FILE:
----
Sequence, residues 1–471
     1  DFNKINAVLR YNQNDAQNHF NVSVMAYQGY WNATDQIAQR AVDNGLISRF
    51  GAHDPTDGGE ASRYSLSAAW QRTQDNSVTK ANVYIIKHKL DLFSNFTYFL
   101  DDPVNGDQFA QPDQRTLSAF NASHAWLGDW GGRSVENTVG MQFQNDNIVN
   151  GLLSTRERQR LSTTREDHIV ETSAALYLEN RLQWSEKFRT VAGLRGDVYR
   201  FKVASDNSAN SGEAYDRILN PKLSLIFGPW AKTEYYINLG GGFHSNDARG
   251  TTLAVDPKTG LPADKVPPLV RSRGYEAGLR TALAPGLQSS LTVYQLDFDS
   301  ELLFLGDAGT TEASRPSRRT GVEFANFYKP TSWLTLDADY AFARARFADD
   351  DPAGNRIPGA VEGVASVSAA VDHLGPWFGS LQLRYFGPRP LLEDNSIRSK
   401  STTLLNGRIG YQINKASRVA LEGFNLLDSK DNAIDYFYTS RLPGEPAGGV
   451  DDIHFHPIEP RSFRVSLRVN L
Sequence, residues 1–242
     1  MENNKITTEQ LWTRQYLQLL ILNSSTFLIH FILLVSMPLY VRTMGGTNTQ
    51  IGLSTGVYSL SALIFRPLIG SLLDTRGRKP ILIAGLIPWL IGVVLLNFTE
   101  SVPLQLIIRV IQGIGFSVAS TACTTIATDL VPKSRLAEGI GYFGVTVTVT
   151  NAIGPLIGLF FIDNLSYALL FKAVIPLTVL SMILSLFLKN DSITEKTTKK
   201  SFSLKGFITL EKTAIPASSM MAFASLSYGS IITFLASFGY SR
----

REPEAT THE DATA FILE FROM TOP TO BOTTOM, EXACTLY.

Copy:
Sequence, residues 1–471
     1  DFNKINAVLR YNQNDAQNHF NVSVMAYQGY WNATDQIAQR AVDNGLISRF
    51  GAHDPTDGGE ASRYSLSAAW QRTQDNSVTK ANVYIIKHKL DLFSNFTYFL
   101  DDPVNGDQFA QPDQRTLSAF NASHAWLGDW GGRSVENTVG MQFQNDNIVN
   151  GLLSTRERQR LSTTREDHIV ETSAALYLEN RLQWSEKFRT VAGLRGDVYR
   201  FKVASDNSAN SGEAYDRILN PKLSLIFGPW AKTEYYINLG GGFHSNDARG
   251  TTLAVDPKTG LPADKVPPLV RSRGYEAGLR TALAPGLQSS LTVYQLDFDS
   301  ELLFLGDAGT TEASRPSRRT GVEFANFYKP TSWLTLDADY AFARARFADD
   351  DPAGNRIPGA VEGVASVSAA VDHLGPWFGS LQLRYFGPRP LLEDNSIRSK
   401  STTLLNGRIG YQINKASRVA LEGFNLLDSK DNAIDYFYTS RLPGEPAGGV
   451  DDIHFHPIEP RSFRVSLRVN L
Sequence, residues 1–242
     1  MENNKITTEQ LWTRQYLQLL ILNSSTFLIH FILLVSMPLY VRTMGGTNTQ
    51  IGLSTGVYSL SALIFRPLIG SLLDTRGRKP ILIAGLIPWL IGVVLLNFTE
   101  SVPLQLIIRV IQGIGFSVAS TACTTIATDL VPKSRLAEGI GYFGVTVTVT
   151  NAIGPLIGLF FIDNLSYALL FKAVIPLTVL SMILSLFLKN DSITEKTTKK
   201  SFSLKGFITL EKTAIPASSM MAFASLSYGS IITFLASFGY SR